The crowd was small but the laughs were loud in the University of New Mexico's Student Union Building Ballroom during the first-ever Cards Adjacent Humanity tournament hosted by the student organization Tabletop Tavern on Nov. 9.

Students were welcome to hang out, enjoy the food and play the popular adult card game Cards Against Humanity, or other games, during the four-hour event. It was $5 to get in, and everyone had the chance to win one of three prizes: A Cards Against Humanity Green Box extension pack, Monopoly for Millennials or a $21 gift card to Spencer’s.

As for the tournament itself, 18 players were divided into three tables. The groups played until only two people remained from each table. The six winners then joined for a final game where the first person to get five black cards won the main prize. The players continued until someone else won second place, and then again until someone won third. Whenever a winner was declared, everyone in the room applauded them energetically with a standing ovation.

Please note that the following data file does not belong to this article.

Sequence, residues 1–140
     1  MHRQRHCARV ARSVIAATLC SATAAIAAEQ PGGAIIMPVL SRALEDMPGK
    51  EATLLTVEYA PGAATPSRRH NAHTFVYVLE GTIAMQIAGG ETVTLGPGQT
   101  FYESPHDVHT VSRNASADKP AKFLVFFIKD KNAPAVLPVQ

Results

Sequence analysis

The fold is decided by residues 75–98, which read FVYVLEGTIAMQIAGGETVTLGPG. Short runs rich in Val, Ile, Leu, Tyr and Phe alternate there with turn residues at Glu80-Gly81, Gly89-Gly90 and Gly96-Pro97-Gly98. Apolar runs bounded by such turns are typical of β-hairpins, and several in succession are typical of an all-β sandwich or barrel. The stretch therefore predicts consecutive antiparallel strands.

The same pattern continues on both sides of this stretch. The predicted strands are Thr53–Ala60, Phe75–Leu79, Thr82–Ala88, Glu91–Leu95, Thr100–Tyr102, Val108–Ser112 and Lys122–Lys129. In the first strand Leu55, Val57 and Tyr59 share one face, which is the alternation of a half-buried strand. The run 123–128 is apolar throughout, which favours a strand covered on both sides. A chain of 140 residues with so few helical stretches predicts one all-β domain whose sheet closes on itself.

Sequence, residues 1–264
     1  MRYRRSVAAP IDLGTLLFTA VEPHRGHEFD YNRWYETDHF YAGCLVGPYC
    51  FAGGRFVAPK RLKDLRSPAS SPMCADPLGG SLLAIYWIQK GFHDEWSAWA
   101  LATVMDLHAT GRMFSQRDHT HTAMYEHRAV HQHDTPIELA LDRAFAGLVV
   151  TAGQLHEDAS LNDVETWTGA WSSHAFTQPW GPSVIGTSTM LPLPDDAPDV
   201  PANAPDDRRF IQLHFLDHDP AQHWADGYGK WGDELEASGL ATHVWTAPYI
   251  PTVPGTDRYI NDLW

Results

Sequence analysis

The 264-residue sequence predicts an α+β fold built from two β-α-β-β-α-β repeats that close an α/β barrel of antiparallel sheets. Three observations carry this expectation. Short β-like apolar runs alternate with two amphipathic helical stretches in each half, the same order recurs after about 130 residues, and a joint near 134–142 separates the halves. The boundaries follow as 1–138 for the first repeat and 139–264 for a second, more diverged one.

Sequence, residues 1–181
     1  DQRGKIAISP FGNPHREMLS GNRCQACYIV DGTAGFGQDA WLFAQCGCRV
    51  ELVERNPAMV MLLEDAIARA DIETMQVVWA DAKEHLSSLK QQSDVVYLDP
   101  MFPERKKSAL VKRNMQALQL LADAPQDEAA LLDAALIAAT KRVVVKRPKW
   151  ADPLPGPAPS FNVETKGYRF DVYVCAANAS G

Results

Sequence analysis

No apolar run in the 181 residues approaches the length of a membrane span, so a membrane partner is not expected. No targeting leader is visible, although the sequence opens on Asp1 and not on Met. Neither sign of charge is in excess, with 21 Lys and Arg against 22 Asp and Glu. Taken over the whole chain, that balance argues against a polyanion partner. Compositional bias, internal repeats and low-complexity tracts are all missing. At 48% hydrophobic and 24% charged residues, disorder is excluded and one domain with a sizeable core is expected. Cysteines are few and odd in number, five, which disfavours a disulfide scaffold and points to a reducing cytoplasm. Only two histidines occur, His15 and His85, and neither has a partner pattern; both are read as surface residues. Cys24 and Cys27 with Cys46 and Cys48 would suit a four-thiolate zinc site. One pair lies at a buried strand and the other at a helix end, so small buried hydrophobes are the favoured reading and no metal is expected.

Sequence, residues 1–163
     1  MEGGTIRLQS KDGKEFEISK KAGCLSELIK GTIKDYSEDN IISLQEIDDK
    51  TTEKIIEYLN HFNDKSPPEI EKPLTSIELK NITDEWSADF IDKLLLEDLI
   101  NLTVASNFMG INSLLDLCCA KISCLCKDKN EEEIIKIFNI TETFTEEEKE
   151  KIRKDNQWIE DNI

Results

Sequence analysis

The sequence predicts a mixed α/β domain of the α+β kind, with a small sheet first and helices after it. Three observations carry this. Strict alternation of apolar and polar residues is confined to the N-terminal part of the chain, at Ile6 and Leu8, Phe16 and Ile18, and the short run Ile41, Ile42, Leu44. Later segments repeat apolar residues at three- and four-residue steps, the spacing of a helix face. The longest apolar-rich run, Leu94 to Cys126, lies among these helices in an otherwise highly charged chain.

"I'm really happy with the turnout for it being their first event," Rose Cary, a senior in the English department, told the Daily Lobo. "I think it's really cool, especially considering that they’re a new student organization."

Cary won second place in the tournament. She said she was excited about getting the Monopoly for Millennials, a satirical version of the classic board game. Cary planned to go to a girl's game night after the tournament.

Tabletop Tavern is a new student organization to the University campus. Members of the group meet every Friday from 4 to 6 p.m. to play Dungeons & Dragons along with other games in a Mesa Vista Hall classroom.

"It is a really casual environment," Tavern member and Anderson School of Management junior Nathaniel Perry said. "If it goes like 30 minutes or an hour later, that doesn't really stop us. If it moves over to someone's house and kind of turns into a casual party, that tends to happen."

Club Vice President Nick Livingstone, a junior studying computer science, said their locations can sometimes change, but they use their club's Instagram and Twitter to keep people updated on meeting details. He also said they have a Discord chat where people can join to stay up to date with meeting plans.

Tabletop Tavern President Dasie Kent, a senior and psychology major, said they currently have four campaigns active at the Dungeons & Dragons meetings. People can pick and choose which one to go to each week, but they usually just stay in the same one they started in.

Kent said about 20 to 25 people attend each week, but if more people want to join they can send an email to or message any of their social media accounts.

Daniel Ward is a freelance reporter at the Daily Lobo. He can be contacted at or on Twitter  @wordsofward34